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Fine-Resolved, Near-Coastal Spatiotemporal Variation of Temperature in Response to Insolation

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  • 1 Department of Physical Geography and Quaternary Geology, and Bert Bolin Center for Climate Research, Stockholm University, Stockholm, Sweden
  • | 2 Department of Botany, Stockholm University, Stockholm, Sweden
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Abstract

This study uses GIS-based modeling of incoming solar radiation to quantify fine-resolved spatiotemporal responses of monthly average temperature, and diurnal temperature variation, at different times and locations within a field study area located on the eastern coast of Sweden. Near-surface temperatures are measured by a network of temperature sensors during the spring and summer of 2011 and then used as the basis for model development and testing. The modeling of finescale spatiotemporal variation considers topography, distance from the sea, and observed variations in atmospheric conditions, accounting for site latitude, elevation, surface orientation, daily and seasonal shifts in sun angle, and effects of shadows from surrounding topography. The authors find a lag time between insolation and subsequent temperature response that follows an exponential decay from coastal to inland locations. They further develop a linear regression model that accounts for this lag time in quantifying fine-resolved spatiotemporal temperature evolution. This model applies in the considered growing season for spatial distribution across the studied near-coastal landscape.

Corresponding author address: Nikki Vercauteren, Department of Physical Geography and Quaternary Geology, Stockholm University, 106 91 Stockholm, Sweden. E-mail: nikki.vercauteren@natgeo.su.se

Abstract

This study uses GIS-based modeling of incoming solar radiation to quantify fine-resolved spatiotemporal responses of monthly average temperature, and diurnal temperature variation, at different times and locations within a field study area located on the eastern coast of Sweden. Near-surface temperatures are measured by a network of temperature sensors during the spring and summer of 2011 and then used as the basis for model development and testing. The modeling of finescale spatiotemporal variation considers topography, distance from the sea, and observed variations in atmospheric conditions, accounting for site latitude, elevation, surface orientation, daily and seasonal shifts in sun angle, and effects of shadows from surrounding topography. The authors find a lag time between insolation and subsequent temperature response that follows an exponential decay from coastal to inland locations. They further develop a linear regression model that accounts for this lag time in quantifying fine-resolved spatiotemporal temperature evolution. This model applies in the considered growing season for spatial distribution across the studied near-coastal landscape.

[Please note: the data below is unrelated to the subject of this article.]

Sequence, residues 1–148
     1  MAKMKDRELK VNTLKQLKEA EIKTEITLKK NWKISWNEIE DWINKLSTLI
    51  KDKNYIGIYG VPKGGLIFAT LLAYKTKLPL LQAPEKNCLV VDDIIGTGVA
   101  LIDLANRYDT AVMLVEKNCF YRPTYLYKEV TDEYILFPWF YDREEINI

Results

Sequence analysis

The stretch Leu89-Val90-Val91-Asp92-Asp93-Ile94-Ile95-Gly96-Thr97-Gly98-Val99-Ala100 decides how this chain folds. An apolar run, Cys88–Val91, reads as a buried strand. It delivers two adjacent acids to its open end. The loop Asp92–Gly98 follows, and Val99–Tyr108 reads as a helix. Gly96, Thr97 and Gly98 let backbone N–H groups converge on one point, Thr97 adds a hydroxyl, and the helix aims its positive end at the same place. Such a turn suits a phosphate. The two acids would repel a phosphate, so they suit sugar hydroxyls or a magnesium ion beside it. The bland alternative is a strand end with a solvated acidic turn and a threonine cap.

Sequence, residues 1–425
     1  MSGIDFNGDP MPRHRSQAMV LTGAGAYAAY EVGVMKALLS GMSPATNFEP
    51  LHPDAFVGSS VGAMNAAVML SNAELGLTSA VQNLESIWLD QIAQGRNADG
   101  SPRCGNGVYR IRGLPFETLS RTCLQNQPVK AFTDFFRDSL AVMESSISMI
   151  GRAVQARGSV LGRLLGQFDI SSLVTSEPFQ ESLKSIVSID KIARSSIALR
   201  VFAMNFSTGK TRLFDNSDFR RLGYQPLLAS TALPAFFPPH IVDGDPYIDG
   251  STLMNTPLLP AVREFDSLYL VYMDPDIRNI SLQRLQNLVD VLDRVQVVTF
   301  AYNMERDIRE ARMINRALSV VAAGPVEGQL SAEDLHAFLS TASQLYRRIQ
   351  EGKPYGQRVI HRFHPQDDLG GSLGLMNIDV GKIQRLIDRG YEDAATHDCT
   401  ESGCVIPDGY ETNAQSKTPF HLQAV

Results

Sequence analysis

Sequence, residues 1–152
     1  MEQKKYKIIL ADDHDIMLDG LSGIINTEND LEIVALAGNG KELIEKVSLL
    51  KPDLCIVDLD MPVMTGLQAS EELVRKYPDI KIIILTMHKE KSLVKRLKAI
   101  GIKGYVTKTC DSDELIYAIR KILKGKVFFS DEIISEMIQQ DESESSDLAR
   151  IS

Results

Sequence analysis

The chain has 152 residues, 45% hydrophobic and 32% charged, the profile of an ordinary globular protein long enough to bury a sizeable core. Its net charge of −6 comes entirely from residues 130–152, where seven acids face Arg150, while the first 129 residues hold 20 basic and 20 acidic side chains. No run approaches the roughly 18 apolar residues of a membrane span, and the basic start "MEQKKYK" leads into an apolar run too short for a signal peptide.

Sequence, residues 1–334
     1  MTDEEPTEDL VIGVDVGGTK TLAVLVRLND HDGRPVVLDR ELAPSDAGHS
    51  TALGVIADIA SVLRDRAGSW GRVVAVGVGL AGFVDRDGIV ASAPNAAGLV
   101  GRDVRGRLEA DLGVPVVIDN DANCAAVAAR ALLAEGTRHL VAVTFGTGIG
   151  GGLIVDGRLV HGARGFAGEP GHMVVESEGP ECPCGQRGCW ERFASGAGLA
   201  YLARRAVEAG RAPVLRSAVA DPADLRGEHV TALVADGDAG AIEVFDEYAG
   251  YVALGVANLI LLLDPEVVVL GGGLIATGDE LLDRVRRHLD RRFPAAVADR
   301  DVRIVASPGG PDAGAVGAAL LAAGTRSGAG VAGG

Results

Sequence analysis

Corresponding author address: Nikki Vercauteren, Department of Physical Geography and Quaternary Geology, Stockholm University, 106 91 Stockholm, Sweden. E-mail: nikki.vercauteren@natgeo.su.se
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